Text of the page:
This week’s Supergirl opens with some misogynistic bullshit in the form of Byron Montgomery going on a tirade about how awful all women are and how garbage all relationships are because his one relationship with one woman went south. In the middle of his speech, the plane starts to go down, but it’s the plane Kara saved in the pilot; the plane Alex was on.
Byron sees Kara on the wing of the plane, sees Supergirl being born with his own eyes, and he is changed.
In present day National City, Sam is doing double duty as a soccer mom and a CEO. She even has her own chair, so I’d say she’s killing the game. A woman sidles up to her and creepily tells her that Ruby is special, that she was chosen, and gives Sam a pamphlet, inviting her to a meeting. Sam is a little freaked but says “thank you” politely and moves on.
Back in Sam’s new office, Lena and Kara come in to do some “business” and Lena congratulates Sam on the merger she signed. To celebrate, Lena invites Sam to their “Girls’ Night” that APPARENTLY was basically going to be a double date but you know what, the more the merrier.
Kara sees the pamphlet the woman gave Sam on Sam’s desk and asks if she can take it, because the symbol is worrisome to her. She takes it back to the DEO, where Winn also recognizes it as the symbol for Rao. The pamphlet doesn’t have much information, just a time and an address, so Kara decides to check it out, her boys in tow.
When they get to the address on the pamphlet, it appears to be the start of a meeting. A sweet-looking young girl welcomes them, but it doesn’t take long for the layer of sugar to melt away and reveal the child-eating witch. Okay that was a bad analogy; what I mean is, Byron Montgomery gets up in front of the room and within a few sentences it becomes clear that this meeting is a cult and this cult worships Supergirl.
They worship Supergirl because they were all saved by Supergirl; Byron somehow knows Rao’s prayers, and says Supergirl not only saved him in the kept-him-from-dying-a-fiery-death way, but also in a spiritual way, because his life was off course before she stopped that plane from crashing. The girl from earlier, whose name is Olive, echoes a similar sentiment; she was in a bad place after a bad breakup, she got too drunk and fell off a building, and Supergirl saved her. Not only from falling, but from thinking she deserved to die. Supergirl made Olive feel like she deserved to be loved. And you know what? Supergirl made me feel that way, too. She made me feel like I could be strong, while staying optimistic. That I could be hopeful, while still being ready to fight. Supergirl saved me, too, so sign me the fuck up for this cult.
Well, at least for now. They go a little whackadoo later but we’ll get to that. For now, Kara is just in awe. Winn and James ask if she remembers saving Olive and of course she does. She remembers saving everyone in this room. Supergirl isn’t a hobby for Kara, it’s part of who she is. And therefore, so are these people.
The issue is, it’s a little weird to be in a room full of people who are praying to you.
Back at the DEO, Kara says that the only person in the room she didn’t remember saving was Byron himself. Winn finds out it’s because he was on the plane she saved, which explains it. Kara is a little miffed, because they’re taking the teachings of Rao and twisting it, and says there has to be a reason he’s actively recruiting new members to this weird little cult.
Anyway, forget about Byron for now, because it’s time for GIRLS’ NIGHT. Kara, Alex, Maggie, Lena and Sam. Hanging out. Chit-chatting. Talking. Laughing. Loving. Breathing.
Listen, okay, I would watch an ENTIRE SHOW about these five women. And I barely know Sam. But this is what my real life looks like; I have some guy coworker/friends, but that’s not who I’m sitting around drinking and sharing personal stories with. (I know that’s not everyone’s reality, I’m just saying, it’s mine, and it was fun to see it on TV.) And you know what, we’re even usually talking about bad dates, exes, and babies.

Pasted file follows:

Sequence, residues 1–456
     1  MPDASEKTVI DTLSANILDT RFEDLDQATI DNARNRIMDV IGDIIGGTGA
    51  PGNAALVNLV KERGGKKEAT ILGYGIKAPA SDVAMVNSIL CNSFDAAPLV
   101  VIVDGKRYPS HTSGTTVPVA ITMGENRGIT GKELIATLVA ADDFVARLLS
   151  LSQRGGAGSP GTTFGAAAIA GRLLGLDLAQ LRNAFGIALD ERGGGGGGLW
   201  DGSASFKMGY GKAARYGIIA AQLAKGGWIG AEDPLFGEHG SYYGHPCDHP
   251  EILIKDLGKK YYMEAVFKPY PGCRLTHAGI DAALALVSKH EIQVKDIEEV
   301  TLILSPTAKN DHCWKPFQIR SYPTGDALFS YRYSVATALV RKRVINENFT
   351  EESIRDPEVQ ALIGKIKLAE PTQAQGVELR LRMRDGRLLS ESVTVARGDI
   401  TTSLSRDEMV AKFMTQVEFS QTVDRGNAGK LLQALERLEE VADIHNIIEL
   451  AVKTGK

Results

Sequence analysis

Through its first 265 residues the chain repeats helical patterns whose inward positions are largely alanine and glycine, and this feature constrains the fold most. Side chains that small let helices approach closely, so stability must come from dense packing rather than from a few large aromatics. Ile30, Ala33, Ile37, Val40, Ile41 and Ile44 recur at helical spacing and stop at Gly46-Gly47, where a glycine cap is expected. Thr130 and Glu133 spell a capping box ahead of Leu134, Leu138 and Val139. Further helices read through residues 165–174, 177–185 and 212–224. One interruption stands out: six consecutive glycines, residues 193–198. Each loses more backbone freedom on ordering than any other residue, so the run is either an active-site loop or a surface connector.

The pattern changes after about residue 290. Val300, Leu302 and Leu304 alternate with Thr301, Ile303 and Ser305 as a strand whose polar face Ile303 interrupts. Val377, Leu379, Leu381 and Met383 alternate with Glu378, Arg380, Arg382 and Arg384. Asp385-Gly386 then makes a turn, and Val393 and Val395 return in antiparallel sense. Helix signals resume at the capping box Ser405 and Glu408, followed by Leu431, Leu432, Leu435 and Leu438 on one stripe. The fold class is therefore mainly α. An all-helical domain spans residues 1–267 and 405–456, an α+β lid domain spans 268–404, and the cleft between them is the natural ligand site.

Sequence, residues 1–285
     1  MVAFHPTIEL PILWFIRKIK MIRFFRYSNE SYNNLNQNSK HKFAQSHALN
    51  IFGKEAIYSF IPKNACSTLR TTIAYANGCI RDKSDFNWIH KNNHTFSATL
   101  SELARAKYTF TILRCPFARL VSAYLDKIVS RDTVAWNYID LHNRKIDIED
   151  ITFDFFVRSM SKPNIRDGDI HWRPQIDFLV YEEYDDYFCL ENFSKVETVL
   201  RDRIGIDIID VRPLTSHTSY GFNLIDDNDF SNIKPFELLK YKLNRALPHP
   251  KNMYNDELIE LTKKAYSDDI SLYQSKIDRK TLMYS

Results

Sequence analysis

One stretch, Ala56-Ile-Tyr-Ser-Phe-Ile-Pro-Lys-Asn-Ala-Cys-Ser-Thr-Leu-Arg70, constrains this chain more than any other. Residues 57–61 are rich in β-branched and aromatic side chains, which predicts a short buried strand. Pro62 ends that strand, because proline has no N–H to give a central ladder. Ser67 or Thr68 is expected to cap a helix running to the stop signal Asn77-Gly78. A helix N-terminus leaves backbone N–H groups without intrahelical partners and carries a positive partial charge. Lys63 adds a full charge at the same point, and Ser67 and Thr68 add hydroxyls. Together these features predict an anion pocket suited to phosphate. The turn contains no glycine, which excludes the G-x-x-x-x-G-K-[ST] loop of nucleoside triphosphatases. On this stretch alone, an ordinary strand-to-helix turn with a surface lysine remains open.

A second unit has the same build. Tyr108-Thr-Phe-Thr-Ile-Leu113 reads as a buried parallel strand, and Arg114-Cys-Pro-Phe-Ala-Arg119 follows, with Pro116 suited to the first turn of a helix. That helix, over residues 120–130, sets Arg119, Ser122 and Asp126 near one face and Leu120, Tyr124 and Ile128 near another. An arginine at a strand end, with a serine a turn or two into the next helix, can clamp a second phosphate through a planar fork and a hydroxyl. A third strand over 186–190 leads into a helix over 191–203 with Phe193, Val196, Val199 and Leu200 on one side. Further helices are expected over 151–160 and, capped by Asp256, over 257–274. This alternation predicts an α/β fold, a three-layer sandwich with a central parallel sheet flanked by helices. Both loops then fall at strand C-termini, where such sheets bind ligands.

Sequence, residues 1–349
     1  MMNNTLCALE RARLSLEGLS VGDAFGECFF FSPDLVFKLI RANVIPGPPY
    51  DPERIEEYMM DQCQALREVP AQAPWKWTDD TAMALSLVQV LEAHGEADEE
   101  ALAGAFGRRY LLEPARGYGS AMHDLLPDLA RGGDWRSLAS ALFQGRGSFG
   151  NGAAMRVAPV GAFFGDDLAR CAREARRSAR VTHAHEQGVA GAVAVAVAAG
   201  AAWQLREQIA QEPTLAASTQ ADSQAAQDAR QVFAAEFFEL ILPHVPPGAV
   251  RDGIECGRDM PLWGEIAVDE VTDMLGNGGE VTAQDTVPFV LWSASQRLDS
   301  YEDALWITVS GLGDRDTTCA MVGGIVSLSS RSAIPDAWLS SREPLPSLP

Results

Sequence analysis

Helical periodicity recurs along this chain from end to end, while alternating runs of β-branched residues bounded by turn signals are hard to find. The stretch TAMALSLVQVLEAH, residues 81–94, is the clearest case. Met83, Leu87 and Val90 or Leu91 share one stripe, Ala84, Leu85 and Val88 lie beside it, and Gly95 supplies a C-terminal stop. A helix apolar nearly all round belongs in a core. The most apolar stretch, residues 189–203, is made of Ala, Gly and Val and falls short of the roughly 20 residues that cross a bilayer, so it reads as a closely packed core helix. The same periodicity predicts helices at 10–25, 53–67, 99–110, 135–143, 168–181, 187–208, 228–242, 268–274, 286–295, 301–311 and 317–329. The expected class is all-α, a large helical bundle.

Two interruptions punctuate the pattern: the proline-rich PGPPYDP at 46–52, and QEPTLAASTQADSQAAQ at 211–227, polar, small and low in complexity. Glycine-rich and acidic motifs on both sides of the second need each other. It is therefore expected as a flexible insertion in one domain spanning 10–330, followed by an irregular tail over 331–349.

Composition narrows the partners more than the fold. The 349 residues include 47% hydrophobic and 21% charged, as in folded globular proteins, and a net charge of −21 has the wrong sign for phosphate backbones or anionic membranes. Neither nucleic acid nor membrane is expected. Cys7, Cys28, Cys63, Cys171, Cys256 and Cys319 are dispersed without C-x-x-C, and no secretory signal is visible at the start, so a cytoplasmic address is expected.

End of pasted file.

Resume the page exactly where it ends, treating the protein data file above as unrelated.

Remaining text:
Sam being a mother brings up the mom question for Alex and Maggie, and Maggie happily boasts about being ready to be the Cool Aunt, and Alex looks slightly less amped for that particular future. Sam (rightly) apologizes for assuming they would want to have kids (and this goes for all couples, not just queer couples) but they all laugh about being Sam’s daughter’s cool (and nerdy) aunts.
So here’s where my spinoff comes in. It’s called Cool Aunt Crew. Can you still hear the cheesy sitcom opening credits music cueing up? Good. Here we go.
And then one day all these ladies got together.
They were so happy and they all knew what to do.
They planned a Girls’ Night, and then another.
They were the Cool Aunt Crew!
Distant sirens interrupt their laughter and ours, and Kara disappears to “get some ice” and rips her glasses off before she even leaves the apartment and fine Sam is new here so she might not think much of it but LENA HAS TO KNOW, SHE HAS TO.
Anyway, Kara goes to the scene, which is a burning building with a boy standing arrogantly on the roof. I say arrogantly because he doesn’t look scared or like he’s trying to do anything about his situation; he looks like he’s waiting. Supergirl saves him, and when Olive appears from the shadows to hug the boy and say he’s one of them now, Supergirl realizes that he put himself in danger specifically so he could be part of this cult and it suddenly went from Really Enthusiastic Fans to a Serious Problem.
Maggie comes on the scene and Supergirl tries to explain the situation and get her to shut it down, but the thing is, Byron hasn’t actually broken any laws yet. And until he does, and/or they can prove he specifically told this kid to set the building on fire and stand on the roof, there’s nothing Maggie can do. Except look real cute.
At L Corp, Ruby is doing her homework on Sam’s office floor. When she finishes, she asks her mother if they can practice the song Ruby has to sing for a recital. Sam pushes it off, and Ruby acts like Sam is being SO NEGLECTFUL, and I’m sorry, I love kids, but I have so little patience for that. Sam is the CEO of a huge corporation; Ruby could be home with a sitter. (A totally respectable solution for working moms.) Or even alone at home. But Sam is lucky enough to work for a company that doesn’t mind her daughter being around, and Ruby is lucky enough to have a mom who wants her around. I have a lot of feelings on this particular matter, but there are plenty of feelings to be had in this episode, so I’ll save my mommy issues for another time.
Kara goes to see Byron, and he knows she’s Supergirl, because a) he saw her without her suit on, before her suit existed even, b) anyone who has been face-to-face with both of them can tell they’re the same person *cough* Lena *cough*. He thinks he’s being tested by his goddess, and she leverages that to ensure her secret is safe.